Blue Cross and Blue Shield of Louisiana and the National Institutes of Health launched a revolutionary health research initiative called “All of Us Research Program” in Baton Rouge.
The All of Us Research Program is building the largest and most diverse health data resource of its kind by asking one million or more people from across the country of different races, ethnicities, age groups, geographic regions, gender identities, sexual orientations, and health statuses to share their unique health information. Many of these people have historically been underrepresented in medical research. Health data from such a large and diverse group of people will enable scientists to study how different factors – from genetics to exercise habits – affect a person’s health.
Baton Rouge is one of the early cities in the nation to see a focused effort to recruit participants, led locally by Blue Cross. The All of Us Research Program recognizes Louisiana’s diverse population and unique health challenges and encourages residents to sign up for a chance to be part of the future of precision medicine.
Precision medicine is an emerging approach to disease treatment and prevention that considers differences in people’s lifestyles, environments and biological makeup, including genes. With eyeglasses and hearing aids, we have long had customized solutions to individual needs. More recently, treating certain types of cancer is now possible with therapies targeted to patients’ DNA.
By partnering with one million diverse people who share information about themselves, the All of Us Research Program will enable researchers to more precisely prevent and treat a variety of health conditions.
“The All of Us Research Program is an opportunity for individuals from all walks of life to be represented in research and pioneer the next era of medicine,” said NIH director Francis S. Collins, M.D., Ph.D. “The time is now to transform how we conduct research-with participants as partners-to shed new light on how to stay healthy and manage disease in more personalized ways. This is what we can accomplish through All of Us.”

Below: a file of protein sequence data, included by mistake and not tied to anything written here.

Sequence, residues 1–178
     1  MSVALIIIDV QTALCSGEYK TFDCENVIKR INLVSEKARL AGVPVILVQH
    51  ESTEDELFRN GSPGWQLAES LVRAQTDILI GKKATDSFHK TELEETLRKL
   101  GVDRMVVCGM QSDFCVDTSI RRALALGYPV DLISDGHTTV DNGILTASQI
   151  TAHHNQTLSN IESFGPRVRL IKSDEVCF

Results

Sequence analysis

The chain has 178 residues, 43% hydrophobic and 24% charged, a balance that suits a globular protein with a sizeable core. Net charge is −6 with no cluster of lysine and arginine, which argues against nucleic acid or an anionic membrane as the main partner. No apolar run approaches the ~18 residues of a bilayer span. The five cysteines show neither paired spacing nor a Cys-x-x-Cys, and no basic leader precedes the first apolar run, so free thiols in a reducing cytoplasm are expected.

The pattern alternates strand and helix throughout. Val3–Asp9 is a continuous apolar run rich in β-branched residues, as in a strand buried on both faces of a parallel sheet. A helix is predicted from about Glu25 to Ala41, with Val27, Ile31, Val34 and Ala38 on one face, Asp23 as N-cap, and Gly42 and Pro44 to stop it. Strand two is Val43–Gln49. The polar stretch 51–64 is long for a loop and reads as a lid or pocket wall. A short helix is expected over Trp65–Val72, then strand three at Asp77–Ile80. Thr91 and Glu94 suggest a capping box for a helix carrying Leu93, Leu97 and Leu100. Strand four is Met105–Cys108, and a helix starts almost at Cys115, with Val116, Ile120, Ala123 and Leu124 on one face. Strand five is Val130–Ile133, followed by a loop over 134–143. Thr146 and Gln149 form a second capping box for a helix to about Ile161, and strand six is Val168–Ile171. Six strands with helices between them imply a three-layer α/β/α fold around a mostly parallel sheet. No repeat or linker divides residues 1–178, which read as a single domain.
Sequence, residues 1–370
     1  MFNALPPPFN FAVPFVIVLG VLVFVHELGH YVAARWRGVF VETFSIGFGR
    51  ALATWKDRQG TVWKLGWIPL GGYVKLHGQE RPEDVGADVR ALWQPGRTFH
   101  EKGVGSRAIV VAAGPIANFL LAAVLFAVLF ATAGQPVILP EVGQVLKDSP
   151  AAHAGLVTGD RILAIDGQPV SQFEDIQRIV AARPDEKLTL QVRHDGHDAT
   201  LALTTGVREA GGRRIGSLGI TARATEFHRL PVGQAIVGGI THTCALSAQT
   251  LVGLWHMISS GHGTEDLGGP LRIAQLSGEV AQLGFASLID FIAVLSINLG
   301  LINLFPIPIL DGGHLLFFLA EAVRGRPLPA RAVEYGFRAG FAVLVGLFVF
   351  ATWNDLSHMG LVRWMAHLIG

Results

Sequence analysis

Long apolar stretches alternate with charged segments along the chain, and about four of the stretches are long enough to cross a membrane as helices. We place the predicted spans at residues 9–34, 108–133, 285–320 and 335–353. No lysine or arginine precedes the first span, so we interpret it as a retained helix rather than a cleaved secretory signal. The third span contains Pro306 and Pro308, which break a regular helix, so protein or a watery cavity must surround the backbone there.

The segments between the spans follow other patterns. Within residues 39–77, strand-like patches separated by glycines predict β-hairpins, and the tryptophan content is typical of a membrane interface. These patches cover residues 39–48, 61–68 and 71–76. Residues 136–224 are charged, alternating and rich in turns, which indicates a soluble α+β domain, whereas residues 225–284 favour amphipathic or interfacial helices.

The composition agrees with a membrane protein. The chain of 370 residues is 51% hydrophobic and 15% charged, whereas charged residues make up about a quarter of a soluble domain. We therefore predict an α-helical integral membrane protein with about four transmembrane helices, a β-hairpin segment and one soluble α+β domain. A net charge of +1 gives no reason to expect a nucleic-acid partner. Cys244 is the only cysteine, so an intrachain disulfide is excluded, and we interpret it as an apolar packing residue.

“Here in Louisiana, a state rich in diversity, we have the opportunity to be part of this important research initiative, one that can go a long way in helping to address some of the state’s health problems,” said Dr. Vindell Washington, Blue Cross executive vice president and chief medical officer. “We all know the state of health in Louisiana is poor. We have some of the highest rates of obesity and chronic diseases in the country, and we are consistently at or near the bottom of rankings of health statuses. All of Us will lead to healthcare breakthroughs we believe will be beneficial for our people.”
Leaders from Blue Cross, the Urban League of Louisiana, Mayor-President Sharon Weston-Broome’s Healthy City Initiative, Louisiana Department of Health, the Hispanic Chamber of Commerce, the National Network of Libraries of Medicine, the NIH and the YMCA of the Capital Area spoke in support of the program.
“Through The Mayor’s Healthy City Initiative, we bring together many key stakeholders who make Baton Rouge a healthier place.” said Hymowitz “Good, timely data is something we always struggle to identify. All of Us will help us to make more data-driven decisions to better support our community.”
Partners were also able to get a more thorough understanding of what it means to take part in the All of Us Research Program, what information participants are asked to provide and how the research is being used to further precision medicine.
“This initiative is important to Baton Rouge and populations who often are underrepresented in medical research,” said Judy Morse, President and CEO of the Urban League of Louisiana. “Without the preventative healthcare measures of programs like All of Us, it would be nearly impossible to detect and cure the diseases that plague our community.”